Protection from impact-related injuries
No one can perform at their best during sports if they are worrying about an injury. Compared to regular eyewear, sports eyewear offers a primary benefit of superior impact resistance and eye protection.
Contact lenses alone offer no protection from sports-related eye injuries, and regular eyeglasses designed for everyday wear are not strong enough nor are they designed to offer adequate eye protection during sports.
While safety eyewear should be considered for every activity that has the potential for eye injury, it is essential for the following sports: baseball, softball, basketball, hockey, football, handball, racquetball, squash, field hockey, lacrosse, soccer, swimming and pool sports, fishing, tennis and volleyball. Paintball “war games” are another activity for which safety eyewear is a must.
Protection from UV
Another danger during outdoor sports, even in winter, is ultraviolet (UV) radiation from the sun. Excessive exposure to UV rays has been associated with eye diseases such as cataracts and ocular tumors. You can also get a “sunburn” on your eye – called photokeratitis – which is very painful and can cause long-term damage to the cornea (the clear front surface of the eye).
Skiers should always wear tinted goggles or sports sunglasses that block 100% of the sun’s UV rays, since these harmful rays are stronger at higher altitudes. UV also bounces off snow (even on cloudy days) to increase one’s exposure. Anyone participating in outdoor water sports also needs UV protection, since UV rays reflect off bodies of water.
Some contact lenses offer UV protection. However, since contacts cover only the center part of your eye and can’t do anything for uncovered areas, you should still wear UV-blocking sunglasses, preferably with a close-fitting, wraparound style. Wide-brimmed hats are also helpful to reduce exposure of your eyes and face to UV rays.
In some lighting conditions, “keeping your eye on the ball” is not as easy as it sounds. Sports eyewear with special tints can help. Amber-colored “shooting glasses” are popular with hunters because they increase the contrast of birds, clay pigeons, etc. against an overcast sky. In recent years, several eyeglass lens manufacturers have created special tints for sports sunglasses that improve visibility in a wide variety of indoor and outdoor lighting conditions. Your eye doctor or professional optician can show you samples of these lenses and help you decide which tints are best suited for your needs.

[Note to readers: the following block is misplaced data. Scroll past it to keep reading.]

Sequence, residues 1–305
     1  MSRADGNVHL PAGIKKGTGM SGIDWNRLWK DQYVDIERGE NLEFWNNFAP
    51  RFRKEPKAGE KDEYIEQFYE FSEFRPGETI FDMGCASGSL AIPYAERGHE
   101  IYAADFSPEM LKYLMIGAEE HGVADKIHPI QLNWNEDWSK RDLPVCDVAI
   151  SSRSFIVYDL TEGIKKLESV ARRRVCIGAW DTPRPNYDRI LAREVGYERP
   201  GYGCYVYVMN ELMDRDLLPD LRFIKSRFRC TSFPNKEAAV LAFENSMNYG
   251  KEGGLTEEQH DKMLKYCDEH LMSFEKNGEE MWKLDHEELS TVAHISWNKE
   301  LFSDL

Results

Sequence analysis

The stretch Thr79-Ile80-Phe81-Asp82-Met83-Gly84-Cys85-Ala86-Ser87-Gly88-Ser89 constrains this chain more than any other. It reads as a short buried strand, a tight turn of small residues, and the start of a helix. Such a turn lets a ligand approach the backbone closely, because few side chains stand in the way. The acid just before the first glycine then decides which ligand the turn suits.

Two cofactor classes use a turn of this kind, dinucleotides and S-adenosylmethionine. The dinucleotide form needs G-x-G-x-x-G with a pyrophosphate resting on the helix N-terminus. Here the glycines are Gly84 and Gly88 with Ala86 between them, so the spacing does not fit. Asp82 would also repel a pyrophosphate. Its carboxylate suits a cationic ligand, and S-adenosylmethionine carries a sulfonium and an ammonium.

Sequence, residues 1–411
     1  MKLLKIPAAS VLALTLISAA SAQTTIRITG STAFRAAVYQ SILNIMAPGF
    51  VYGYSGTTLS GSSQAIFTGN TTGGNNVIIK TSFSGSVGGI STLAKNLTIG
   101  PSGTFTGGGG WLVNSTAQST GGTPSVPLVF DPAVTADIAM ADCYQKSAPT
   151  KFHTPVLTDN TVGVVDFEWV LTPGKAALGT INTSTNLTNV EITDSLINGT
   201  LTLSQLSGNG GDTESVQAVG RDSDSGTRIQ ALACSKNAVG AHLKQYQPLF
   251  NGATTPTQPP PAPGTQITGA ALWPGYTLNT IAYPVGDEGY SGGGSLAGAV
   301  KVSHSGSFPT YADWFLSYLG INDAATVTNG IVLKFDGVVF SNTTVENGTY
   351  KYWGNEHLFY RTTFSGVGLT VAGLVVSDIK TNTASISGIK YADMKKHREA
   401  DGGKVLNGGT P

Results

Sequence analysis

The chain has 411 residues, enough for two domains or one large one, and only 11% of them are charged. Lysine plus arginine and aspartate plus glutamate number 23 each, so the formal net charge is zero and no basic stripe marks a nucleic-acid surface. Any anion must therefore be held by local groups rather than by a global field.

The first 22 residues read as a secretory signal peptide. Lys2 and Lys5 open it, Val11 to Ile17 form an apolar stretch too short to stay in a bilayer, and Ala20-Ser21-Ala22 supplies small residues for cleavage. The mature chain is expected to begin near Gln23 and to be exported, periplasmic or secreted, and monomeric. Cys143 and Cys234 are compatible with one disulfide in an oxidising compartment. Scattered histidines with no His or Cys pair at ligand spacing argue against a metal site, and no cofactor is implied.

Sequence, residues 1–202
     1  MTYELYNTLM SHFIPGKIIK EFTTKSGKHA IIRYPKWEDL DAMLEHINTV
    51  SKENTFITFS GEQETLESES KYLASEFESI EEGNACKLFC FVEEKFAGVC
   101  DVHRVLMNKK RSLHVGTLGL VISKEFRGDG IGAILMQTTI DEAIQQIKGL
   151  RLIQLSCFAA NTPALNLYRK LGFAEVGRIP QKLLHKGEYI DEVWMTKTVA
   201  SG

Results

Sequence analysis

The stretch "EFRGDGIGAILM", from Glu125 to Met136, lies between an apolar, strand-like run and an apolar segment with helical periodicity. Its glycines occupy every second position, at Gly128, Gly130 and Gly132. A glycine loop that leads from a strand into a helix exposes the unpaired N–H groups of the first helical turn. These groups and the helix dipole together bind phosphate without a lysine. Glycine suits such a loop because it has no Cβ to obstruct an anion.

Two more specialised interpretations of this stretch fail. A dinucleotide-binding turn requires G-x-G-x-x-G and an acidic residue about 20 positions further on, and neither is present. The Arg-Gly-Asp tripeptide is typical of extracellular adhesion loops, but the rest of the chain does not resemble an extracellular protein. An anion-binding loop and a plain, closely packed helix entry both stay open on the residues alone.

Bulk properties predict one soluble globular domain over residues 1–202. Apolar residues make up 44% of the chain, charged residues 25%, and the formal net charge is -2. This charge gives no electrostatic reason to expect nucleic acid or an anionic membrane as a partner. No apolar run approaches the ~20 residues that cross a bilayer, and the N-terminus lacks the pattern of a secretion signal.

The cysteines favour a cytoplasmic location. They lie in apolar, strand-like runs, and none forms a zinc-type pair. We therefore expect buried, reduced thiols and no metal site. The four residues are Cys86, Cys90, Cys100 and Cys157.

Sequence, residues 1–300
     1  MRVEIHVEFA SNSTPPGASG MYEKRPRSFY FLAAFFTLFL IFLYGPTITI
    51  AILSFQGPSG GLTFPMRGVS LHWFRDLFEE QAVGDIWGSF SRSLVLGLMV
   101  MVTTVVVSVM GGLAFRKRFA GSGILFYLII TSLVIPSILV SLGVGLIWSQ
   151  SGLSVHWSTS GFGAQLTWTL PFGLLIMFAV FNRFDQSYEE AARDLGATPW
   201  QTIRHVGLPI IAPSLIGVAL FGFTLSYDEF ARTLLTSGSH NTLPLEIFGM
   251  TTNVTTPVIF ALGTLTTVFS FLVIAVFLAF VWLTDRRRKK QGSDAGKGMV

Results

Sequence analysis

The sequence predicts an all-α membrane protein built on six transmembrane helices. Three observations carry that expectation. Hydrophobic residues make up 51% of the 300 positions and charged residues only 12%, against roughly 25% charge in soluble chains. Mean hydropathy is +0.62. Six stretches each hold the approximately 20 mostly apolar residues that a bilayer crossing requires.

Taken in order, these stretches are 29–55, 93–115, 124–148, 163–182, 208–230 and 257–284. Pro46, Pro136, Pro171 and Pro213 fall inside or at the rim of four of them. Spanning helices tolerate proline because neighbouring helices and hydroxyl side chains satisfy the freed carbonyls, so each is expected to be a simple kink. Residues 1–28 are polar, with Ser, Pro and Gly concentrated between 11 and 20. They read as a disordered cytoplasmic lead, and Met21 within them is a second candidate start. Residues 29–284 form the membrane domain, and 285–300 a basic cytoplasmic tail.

Polarized sports sunglasses reduce glare from reflective surfaces, making them extremely beneficial for fishing and other water sports. They can also reduce glare from sunlight reflecting off a sandy beach or light-colored pavement, such as an outdoor basketball court.
Anti-reflective (AR) coating is another glare reducer. AR-coated sports glasses reduce lens reflections at night if you’re playing under bright lights. AR coating is also a good idea for the back surface of sport sunglasses. It reduces glare from “bounce-back” reflections that occur when sunlight hits the back of your lenses.
Photochromic lenses are another way to control light for optimum visibility and performance. These lenses darken automatically outdoors in response to UV rays from the sun. They reduce the intensity of light reaching your eyes to a more comfortable level, and provide 100% UV protection at the same time.
Convenience and comfort
One-day disposable soft contact lenses are an excellent option for sports, because they don’t require cleaning. You wear them just once, and then throw them away. This makes them especially attractive to someone who normally wears eyeglasses.
And because they are made of a soft, oxygen-permeable material, one-day soft lenses require little or no adaptation. So even if you haven’t worn contact lenses for a week or longer, you can usually wear a pair of one-day disposable lenses comfortably for a full day of sports or other activities.
Remember, though contacts offer visual and other advantages over glasses for sports (you don’t have to worry about them fogging up or falling off when you’re perspiring, for example), you still need to wear protective eyewear over contact lenses to protect your eyes from injuries and/or UV damage.
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